Reading details of the Secret Service’s failure to protect the president, I was jolted by a sudden premonition. Our country is once again risking “the fire next time.” James Baldwin’s dreadful prophecy—a phrase he borrowed from an old Negro spiritual—was published in 1963 when the civil rights movement was approaching its climactic triumph. Yet the novelist’s resonant warning came true a few years later. Cities across America were in flames. This is not a prediction of what is coming, but my fear. We should talk candidly about this risk before it is too late.

Let me be explicit about what I imagine might occur. If something bad should happen to hurt President Obama or his family, the “fire” could be ignited again by people’s rage and sorrow. Some will object that my warning is inflammatory, but I see silence as a greater danger.

The basic fact is this: there are demented Americans who do want to harm the president and have repeatedly threatened his life. Nobody knows how many or how dangerous they might be. Threats are a standard circumstance for the presidency, but the alarming difference is that threats against Barack Obama have been three times higher than for his predecessors, according to The Washington Post, which first revealed the Secret Service lapses. The explanation is obvious. This president is black, so is his family.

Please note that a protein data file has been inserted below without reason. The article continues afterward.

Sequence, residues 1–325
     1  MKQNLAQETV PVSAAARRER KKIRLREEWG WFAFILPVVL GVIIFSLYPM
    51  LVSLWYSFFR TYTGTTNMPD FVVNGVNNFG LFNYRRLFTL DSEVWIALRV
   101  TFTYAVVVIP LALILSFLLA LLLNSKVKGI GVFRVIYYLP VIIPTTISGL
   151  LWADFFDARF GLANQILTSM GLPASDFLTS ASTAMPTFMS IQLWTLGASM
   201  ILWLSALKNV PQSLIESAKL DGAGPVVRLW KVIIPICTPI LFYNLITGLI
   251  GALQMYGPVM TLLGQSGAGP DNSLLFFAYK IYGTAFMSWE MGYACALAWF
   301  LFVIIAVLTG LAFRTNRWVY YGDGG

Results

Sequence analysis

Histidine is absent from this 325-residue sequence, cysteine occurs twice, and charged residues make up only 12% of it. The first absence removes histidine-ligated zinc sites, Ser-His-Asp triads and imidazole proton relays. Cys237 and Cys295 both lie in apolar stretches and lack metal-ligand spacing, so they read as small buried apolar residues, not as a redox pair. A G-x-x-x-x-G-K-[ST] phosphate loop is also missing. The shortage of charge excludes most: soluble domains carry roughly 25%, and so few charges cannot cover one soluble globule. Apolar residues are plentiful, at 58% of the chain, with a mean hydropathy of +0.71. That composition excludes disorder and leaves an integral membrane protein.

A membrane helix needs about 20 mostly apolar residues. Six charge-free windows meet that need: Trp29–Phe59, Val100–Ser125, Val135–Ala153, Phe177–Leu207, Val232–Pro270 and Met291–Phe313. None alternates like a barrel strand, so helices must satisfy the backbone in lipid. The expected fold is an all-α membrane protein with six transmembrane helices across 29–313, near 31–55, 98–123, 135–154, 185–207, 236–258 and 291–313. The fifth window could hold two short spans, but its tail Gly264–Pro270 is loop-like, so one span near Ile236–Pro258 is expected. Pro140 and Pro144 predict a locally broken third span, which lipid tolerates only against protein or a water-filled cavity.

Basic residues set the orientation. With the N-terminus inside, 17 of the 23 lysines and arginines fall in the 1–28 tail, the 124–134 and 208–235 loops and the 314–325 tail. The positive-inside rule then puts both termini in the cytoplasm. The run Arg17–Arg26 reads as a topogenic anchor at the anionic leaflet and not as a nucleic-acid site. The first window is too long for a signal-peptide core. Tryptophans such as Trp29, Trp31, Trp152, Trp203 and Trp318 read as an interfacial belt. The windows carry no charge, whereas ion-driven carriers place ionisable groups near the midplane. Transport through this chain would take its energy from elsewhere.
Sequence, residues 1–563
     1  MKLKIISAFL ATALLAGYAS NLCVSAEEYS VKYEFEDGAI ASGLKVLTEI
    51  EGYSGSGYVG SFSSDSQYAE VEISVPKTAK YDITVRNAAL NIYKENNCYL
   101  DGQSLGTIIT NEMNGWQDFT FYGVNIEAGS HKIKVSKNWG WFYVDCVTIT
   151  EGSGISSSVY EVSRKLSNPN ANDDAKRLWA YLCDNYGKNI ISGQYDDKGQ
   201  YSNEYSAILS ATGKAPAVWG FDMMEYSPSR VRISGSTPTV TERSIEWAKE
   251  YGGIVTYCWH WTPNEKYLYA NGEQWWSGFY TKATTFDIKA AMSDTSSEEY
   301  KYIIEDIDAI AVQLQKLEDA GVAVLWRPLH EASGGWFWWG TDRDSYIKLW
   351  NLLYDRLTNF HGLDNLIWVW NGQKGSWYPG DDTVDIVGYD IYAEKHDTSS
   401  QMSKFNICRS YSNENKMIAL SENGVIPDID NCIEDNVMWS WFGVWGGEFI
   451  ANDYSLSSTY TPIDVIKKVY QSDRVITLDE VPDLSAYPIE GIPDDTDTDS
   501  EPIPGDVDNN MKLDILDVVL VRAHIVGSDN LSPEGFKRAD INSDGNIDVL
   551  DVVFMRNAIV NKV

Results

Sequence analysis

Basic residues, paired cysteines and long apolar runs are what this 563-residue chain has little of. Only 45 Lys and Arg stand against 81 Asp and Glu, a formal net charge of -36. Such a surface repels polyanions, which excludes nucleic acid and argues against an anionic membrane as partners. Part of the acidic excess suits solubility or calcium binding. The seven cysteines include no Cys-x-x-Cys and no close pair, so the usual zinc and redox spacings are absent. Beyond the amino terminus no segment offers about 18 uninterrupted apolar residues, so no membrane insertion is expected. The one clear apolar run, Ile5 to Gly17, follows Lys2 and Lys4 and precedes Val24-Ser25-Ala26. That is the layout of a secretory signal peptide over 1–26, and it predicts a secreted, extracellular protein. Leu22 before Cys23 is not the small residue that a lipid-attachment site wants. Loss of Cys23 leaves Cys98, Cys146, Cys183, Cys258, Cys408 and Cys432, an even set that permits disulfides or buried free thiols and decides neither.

“Michelle Obama has spoken publicly about fearing for her family’s safety since her husband became the nation’s first black president,” Post reporter Carol Leonnig wrote. “Her concerns are well-founded. President Obama has faced three times as many threats as his predecessors, according to people briefed on the Secret Service’s threat assessment.”

After the Post reported this elevated risk assessment, The New York Times was told by a Secret Service spokesman that the threats against Obama have subsequently subsided to more typical levels. Given recent episodes in which the agency withheld embarrassing facts, even from the president, it is hard to judge which estimate to trust.

My larger point is this: the country is again becoming a racial tinderbox. We have witnessed many warning signs in places like Ferguson, Missouri, where another white cop shot an unarmed black teenager. Politicians mostly look the other way, perhaps fearful of provoking stronger emotions. But some politicians have actively encouraged racist resentments. The political system is implicated in stoking social discontents, white and black, because it has been unwilling (or unable) to do anything about the economic distress. It feels as though the society is stymied too, people waiting sullenly for some triggering event that might express their pain and anger.